ROME — The tile work of Adriana Varejão is beautiful blue baroque, but there’s a dark side wrapped up within it. Pulling her work from history, she’s not afraid to turn her eye toward those parts of history that most would like to forget. Her tiles exhibited at the Leah Maupin Gallery illustrate this. She’s famed in her home country of Brazil, where she was recently given free reign over the Olympic swimming pool at Rio de Janeiro, which she draped in tile-like blue and white art.
Above images: Installation views of Adriana Varejão, Azulejão, 2016-2017 at the Gagosian Gallery, Rome. Photographs from Wallpaper*
Her most recent show is at Gagosian Gallery’s location in Rome: Azulejão (October 1, 2016 – January 14, 2017). Her tile-inspired works are, this time, richly textured with feathery-looking cracks. Some still retain their edge with works that include columns that are cut away into sections revealing raw red flesh underneath. The gallery states:
Varejão’s “big tiles” are, in fact, rendered on canvas in plaster and oil paint. The plaster is applied thickly to canvases laid on the ground and then left to dry. During the drying process, cracks begin to appear, as if by some natural geological phenomenon, so that every surface is unique and unrepeatable. Within the span of twenty years, these square paintings have ranged slightly in scale, sometimes aggregating into environmentally scaled works such as the operatic Celacanto provoca maremoto (Coelacanth Provokes Seaquake) (2004–08), now housed in a custom-built pavilion at Instituto Inhotim, a spectacular art park and museum in Minas Gerais, Brazil.
In this work, the inscriptions of history, culture, landscape, geography and the human body that populated Varejão’s earlier paintings have been subsumed into a roiling delirium of blue and white patterns and fragmentary images, rendered in a grid of paintings to simulate a tiled wall of vast proportions. The works in the current exhibition, conceived specifically with the Rome gallery in mind, are Varejão’s largest single tile paintings to date, measuring 180 centimeters squared. Motifs, such as a cherub’s head, an architectural fragment, a rose, and a shell, painted in subtle variations of blue and white according to their specific historical referents, are enlarged to the point where they begin dissolving into opulent abstract gestures.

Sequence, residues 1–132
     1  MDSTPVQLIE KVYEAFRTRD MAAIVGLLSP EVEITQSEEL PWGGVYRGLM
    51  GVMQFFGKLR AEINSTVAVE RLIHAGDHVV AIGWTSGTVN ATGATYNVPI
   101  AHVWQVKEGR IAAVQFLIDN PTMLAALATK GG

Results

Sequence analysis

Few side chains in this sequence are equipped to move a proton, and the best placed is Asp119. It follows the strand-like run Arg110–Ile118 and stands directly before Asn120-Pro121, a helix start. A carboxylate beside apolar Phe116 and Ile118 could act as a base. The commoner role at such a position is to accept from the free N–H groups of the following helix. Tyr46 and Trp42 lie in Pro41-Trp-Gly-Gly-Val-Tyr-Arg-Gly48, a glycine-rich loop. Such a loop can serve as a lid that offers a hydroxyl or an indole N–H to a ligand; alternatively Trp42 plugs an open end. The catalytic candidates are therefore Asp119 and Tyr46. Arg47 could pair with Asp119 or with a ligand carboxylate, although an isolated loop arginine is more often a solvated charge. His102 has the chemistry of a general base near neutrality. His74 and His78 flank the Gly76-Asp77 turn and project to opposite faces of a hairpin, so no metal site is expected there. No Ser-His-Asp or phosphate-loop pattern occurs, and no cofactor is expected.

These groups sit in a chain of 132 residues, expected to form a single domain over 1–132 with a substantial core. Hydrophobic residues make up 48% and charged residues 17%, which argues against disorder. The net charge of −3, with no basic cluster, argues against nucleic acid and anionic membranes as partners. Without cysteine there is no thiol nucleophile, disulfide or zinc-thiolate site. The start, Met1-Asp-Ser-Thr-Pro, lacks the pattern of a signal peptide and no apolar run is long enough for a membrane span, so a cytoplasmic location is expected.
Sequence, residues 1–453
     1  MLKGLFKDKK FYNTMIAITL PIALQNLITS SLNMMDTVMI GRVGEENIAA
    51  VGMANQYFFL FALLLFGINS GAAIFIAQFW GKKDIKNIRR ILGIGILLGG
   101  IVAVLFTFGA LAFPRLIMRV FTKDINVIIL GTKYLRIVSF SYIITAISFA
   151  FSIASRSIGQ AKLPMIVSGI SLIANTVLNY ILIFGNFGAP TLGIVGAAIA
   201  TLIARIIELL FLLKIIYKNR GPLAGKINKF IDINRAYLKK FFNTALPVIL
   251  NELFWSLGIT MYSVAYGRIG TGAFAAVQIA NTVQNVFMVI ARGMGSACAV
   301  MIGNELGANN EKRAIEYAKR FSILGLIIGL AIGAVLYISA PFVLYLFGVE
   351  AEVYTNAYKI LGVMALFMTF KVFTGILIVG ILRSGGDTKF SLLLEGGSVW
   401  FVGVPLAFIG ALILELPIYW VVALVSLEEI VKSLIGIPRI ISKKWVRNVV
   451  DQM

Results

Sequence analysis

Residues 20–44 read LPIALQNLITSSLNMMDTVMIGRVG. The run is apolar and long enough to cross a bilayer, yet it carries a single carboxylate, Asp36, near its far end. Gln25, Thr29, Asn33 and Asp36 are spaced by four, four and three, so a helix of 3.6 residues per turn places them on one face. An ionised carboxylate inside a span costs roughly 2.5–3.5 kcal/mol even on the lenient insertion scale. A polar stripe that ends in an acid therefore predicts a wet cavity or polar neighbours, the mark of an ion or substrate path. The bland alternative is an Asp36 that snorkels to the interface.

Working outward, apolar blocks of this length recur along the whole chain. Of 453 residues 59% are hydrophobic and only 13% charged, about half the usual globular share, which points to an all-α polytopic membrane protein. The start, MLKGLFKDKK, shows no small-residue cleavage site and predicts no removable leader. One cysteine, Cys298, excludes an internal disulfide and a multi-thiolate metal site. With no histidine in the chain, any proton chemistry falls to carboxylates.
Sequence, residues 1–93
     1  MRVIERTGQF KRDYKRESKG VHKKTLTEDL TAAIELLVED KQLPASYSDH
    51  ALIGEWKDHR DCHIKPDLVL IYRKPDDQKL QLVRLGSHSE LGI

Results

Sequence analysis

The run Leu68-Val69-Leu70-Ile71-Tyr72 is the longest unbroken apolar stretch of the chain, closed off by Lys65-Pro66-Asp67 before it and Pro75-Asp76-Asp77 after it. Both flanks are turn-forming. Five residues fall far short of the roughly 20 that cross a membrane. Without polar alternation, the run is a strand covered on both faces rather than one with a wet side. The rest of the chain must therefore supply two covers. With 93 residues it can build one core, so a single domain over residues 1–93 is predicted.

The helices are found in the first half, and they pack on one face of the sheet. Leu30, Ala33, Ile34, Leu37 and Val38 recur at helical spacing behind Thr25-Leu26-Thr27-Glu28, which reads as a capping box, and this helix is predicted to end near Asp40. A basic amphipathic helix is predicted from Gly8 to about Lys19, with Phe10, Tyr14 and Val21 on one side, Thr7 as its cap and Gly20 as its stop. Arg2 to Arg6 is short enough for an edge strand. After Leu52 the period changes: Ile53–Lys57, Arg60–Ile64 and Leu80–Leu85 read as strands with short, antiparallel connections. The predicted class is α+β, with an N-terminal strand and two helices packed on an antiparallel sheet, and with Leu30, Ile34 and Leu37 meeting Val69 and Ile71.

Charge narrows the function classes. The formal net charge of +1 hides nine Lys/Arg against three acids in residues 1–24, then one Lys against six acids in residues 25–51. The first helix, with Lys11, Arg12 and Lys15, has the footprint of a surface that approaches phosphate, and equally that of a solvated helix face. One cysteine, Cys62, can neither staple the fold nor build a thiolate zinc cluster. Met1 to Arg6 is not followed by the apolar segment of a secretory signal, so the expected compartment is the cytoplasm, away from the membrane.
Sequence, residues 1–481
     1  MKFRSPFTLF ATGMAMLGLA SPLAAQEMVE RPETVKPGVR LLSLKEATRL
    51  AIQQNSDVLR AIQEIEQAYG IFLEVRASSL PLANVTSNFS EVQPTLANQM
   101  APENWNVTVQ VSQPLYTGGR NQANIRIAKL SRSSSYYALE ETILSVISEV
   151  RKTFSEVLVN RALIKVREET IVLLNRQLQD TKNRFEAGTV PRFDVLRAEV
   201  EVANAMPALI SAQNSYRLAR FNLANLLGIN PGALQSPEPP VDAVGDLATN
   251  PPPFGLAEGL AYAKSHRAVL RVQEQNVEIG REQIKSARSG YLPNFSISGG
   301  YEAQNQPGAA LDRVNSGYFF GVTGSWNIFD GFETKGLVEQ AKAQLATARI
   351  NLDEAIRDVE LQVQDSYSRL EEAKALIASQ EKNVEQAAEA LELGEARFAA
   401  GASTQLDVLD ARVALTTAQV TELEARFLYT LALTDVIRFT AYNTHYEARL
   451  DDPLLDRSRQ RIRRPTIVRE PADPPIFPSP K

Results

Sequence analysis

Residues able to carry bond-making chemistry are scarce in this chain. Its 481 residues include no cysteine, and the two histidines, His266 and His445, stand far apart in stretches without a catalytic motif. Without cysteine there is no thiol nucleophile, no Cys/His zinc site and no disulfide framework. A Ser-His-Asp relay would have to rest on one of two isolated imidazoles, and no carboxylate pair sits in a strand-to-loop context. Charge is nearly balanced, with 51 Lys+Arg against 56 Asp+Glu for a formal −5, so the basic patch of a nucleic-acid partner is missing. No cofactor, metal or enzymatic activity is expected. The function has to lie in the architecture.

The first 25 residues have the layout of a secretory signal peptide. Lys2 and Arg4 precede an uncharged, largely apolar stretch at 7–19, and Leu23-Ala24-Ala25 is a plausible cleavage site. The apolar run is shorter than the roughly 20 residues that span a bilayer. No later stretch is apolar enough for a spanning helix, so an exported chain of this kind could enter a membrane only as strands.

She told Wallpaper* in an interview that the works were drawn from a vast collection of historic tile images:
‘I based each of these paintings on Portuguese baroque tiles, their images and their object quality,’ she explains. ‘I chose the motifs from my huge archive of tile images, focusing in general on those with more abstract and geometrical qualities.’ Indeed, with a close look and a good dash of imagination, one can see how each painting is a dramatically enlarged close-up of a cherub’s head, an architectural fragment, a rose or a shell.”
About the Artist
Adriana Varejão was born in 1964 in Rio de Janeiro, Brazil, where she lives and works. Major museum collections include the Metropolitan Museum of Art, New York; Solomon R. Guggenheim Museum, New York; Museum of Contemporary Art San Diego; Tate Modern, London; Fondation Cartier pour l’art contemporain, Paris; Fundación “la Caixa,” Barcelona; Stedelijk Museum, Amsterdam; and Hara Museum, Tokyo. Selected solo institutional exhibitions include “Azulejões,” Centro Cultural Banco do Brasil, Rio de Janeiro and Brasília, Brazil (2001); “Chambre d’échos / Câmara de ecos,” Fondation Cartier pour l´art Contemporain, Paris (2005, travelled to Centro Cultural de Belém in Lisbon and DA2 in Salamanca, Spain); Hara Museum of Contemporary Art, Tokyo (2007); “Adriana Varejão – Histórias às Margens,” Museu de Arte Moderna de São Paulo, Brazil (2012, travelled to Museu de Arte Moderna do Rio de Janeiro, Brazil and Museo de Arte Latinoamericano de Buenos Aires (MALBA), Argentina in 2013); “Adriana Varejão,’ The Institute of Contemporary Art, Boston (2014); and “Adriana Varejão: Kindred Spirits,” Dallas Contemporary (2015). Varejão participated in the Bienal de São Paulo (1994 and 1998); the Biennial of Sydney (2001); SITE Santa Fe (2004); Mercosul Biennial in Visual Art, Brazil (1997, 2005, and 2015); the Istanbul Biennial (2011); the Bienal de Bucareste, Romania (2008); the Liverpool Biennial (1999 and 2006); “30x Bienal,” Fundação Bienal de São Paulo (2013); and the Bienal de Arte de Contemporânea de Coimbra, Portugal(2015). In 2008, the Galeria Adriana Varejão, a permanent pavilion dedicated to Varejão’s art, designed by Rodrigo Cerviño Lopez, was inaugurated at Inhotim Centro de Arte Contemporânea, Brumadinho, Minas Gerais, Brazil. In 2016 she was commissioned to produce a temporary mural based on Celacanto provoca maremoto to cover the entire facade of the Centro Aquatico for the Summer Olympics in Rio de Janeiro.
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